This is really one of those matters that comes down to individual opinion. We will never see the day where every Marine in the Corps can find common ground on this matter. Personally, i'd rather take field day to my wife. SNCO's are kinder in regards to cleaning than my wife sometimes. All depends on the individual.
12-21-06, 10:46 AM #4Originally Posted by ErikHeiker
08-12-09, 08:23 PM #5
I have a couple things in regards to this segment. First, if you are of age, and somebody knocks on your door telling you to stand duty...say that you were drinking. No SNCO can put you on duty if you consumed alcohol. Second, is there any MARADMIN out yet? I am in Iraq and I have been living in a squadbay where we all have bootcamp sheets and everything has to look the same. I have a MSGT poking in my barracks everyday and it's beyond ridiculous. The whole uniformity thing was phased out to my knowledge. I don't see what being in a combat zone has to do with fung-sheui and looks.
08-12-09, 11:31 PM #6
This post is 3 years old man. You're a bit behind.
08-12-09, 11:36 PM #7
Holy ****, this was in 2006?
Turns out, only about 2 percent of the things Marines wanted to change cost money, such as better plumbing and working air conditioners
**** off old salts, you want to live like **** in sub-par living quarters, you can set your house up the way I want it, I'll turn off your hot water heater and air conditioning and I'll come by and inspect. Otherwise this is my Corps now and its going to be run the way I want it.
I'm so sick and tired of seeing "old Corps" Marines *****ing that the new Marines have it too easy. Hey, guess what old man? I can add, and subtract. I'm alot smarter than you are, I volunteered during a time of war and I've been to that war, so don't ****ing treat me like I'm an idiot that needs to be babysat like you obviously were.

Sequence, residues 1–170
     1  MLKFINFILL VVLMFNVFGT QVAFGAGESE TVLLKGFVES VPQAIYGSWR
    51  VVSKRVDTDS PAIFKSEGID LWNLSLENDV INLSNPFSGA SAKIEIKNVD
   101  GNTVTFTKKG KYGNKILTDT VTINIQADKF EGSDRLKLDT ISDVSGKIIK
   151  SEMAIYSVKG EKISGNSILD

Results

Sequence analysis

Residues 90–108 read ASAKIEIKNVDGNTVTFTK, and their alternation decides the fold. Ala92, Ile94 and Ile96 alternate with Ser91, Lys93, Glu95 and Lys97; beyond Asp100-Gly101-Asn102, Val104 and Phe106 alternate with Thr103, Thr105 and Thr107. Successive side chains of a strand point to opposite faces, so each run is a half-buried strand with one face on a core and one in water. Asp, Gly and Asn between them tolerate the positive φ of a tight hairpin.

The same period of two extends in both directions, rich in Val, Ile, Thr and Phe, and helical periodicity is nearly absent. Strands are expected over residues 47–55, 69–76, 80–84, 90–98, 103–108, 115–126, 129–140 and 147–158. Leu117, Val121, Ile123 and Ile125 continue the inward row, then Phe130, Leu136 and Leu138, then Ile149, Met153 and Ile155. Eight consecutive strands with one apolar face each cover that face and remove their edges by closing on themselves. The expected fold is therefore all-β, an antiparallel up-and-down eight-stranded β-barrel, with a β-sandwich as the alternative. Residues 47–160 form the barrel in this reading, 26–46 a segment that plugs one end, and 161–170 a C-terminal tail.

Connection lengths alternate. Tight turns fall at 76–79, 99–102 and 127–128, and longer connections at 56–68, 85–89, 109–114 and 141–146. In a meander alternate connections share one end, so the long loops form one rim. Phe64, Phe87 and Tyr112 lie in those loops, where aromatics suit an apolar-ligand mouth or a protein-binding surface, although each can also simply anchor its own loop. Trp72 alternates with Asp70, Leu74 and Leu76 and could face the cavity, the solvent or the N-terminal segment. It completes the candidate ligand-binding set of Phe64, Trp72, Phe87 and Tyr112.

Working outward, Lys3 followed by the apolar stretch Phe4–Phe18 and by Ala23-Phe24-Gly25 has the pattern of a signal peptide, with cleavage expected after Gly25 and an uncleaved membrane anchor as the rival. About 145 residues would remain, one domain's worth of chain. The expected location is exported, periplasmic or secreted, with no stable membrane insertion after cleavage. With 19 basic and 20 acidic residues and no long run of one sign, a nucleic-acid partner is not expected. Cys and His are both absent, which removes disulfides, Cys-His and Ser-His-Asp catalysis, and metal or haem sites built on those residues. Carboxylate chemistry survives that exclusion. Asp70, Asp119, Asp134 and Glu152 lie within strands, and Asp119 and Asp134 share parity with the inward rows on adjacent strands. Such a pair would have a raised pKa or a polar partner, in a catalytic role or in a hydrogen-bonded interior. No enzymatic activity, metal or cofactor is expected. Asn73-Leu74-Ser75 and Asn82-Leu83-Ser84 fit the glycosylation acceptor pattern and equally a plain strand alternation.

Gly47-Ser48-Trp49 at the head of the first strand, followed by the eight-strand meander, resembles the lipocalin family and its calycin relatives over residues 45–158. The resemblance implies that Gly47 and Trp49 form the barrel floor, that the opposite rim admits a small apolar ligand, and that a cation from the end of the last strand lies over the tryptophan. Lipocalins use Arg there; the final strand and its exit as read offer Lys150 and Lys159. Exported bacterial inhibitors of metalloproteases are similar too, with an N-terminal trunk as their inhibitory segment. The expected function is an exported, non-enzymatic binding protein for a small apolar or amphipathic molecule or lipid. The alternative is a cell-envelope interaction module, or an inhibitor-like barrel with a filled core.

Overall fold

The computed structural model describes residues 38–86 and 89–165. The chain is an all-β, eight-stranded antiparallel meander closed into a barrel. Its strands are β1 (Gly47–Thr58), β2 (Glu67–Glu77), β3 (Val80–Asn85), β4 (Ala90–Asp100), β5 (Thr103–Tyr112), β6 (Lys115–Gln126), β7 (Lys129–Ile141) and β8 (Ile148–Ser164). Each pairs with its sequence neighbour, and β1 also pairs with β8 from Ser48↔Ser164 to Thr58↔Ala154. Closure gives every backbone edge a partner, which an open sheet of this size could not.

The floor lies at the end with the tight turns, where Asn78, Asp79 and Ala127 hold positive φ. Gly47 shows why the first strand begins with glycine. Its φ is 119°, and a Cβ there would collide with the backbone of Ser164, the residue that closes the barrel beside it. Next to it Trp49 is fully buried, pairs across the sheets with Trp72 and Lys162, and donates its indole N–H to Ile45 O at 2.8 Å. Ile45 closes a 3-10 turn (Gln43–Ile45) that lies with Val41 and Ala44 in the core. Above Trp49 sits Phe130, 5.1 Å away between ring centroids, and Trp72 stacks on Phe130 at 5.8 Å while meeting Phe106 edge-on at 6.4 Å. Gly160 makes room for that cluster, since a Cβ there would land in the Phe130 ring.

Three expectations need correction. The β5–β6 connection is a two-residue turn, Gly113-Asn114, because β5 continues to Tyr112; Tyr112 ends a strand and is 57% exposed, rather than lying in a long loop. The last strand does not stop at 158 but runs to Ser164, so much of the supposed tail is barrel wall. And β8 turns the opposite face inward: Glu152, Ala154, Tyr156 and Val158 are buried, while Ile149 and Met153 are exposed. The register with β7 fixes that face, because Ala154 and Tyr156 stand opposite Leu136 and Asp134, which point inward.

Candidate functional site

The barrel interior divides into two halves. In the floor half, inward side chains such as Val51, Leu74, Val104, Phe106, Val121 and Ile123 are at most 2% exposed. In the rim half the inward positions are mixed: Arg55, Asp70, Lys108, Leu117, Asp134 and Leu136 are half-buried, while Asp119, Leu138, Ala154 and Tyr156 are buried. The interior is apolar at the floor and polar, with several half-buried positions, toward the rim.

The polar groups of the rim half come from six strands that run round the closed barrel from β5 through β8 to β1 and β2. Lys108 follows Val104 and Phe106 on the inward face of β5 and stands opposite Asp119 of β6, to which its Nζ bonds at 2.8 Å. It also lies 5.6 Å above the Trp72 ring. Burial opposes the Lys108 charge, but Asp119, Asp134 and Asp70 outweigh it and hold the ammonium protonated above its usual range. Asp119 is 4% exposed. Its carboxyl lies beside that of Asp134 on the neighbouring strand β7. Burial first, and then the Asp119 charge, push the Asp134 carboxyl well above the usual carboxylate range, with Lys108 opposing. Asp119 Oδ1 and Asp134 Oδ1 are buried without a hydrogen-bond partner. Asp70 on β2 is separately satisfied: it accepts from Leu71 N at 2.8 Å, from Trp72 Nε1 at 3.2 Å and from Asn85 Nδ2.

Personally, I wish the BEQ initiative would be set in place a little bit faster. Word was Marines were supposed to be living on the same level as airman and soldiers. Each Marine had his own room, his own bathroom, and working air conditioners and hot water heaters. Putting 3, 25 year old men in the same room without airconditioning in August is ****ing stupid. Period.
08-12-09, 11:39 PM #8
And if you can't ****ing tell, I totally tore into this ****ing ****bag lance on duty who looked like absolute ass in his charlies so I'm still worked up. Look. If your fat sags over your duty belt IN CHARLIES, you have a weight problem. Whether in regs or not.
08-13-09, 01:38 AM #9
So disgruntled! Our living conditions are sub-par, but it could be alot worse. I'm not gonna complain because **** just gets worse when you do.
08-13-09, 01:47 AM #10
See thats the exact mentality that keeps Marines living in ****hole barracks from the 70's while the Air Force has professional lawn service and no duty NCOs and one to a room with their own thermostat, hot water, and a BATHTUB. (I've seen bricks in Oki with bathtubs but...no, I'd never get in one)
You just have to know how to complain and who to do it to. To complain about your living conditions, your room has to be spotless. They're not going to give you anything nicer if they can show someone "Look, he can't even take care of what he has now" (And I say he, as if you have your own room, when we all know in reality there's 2 or 3 of you in a 15x20ft room)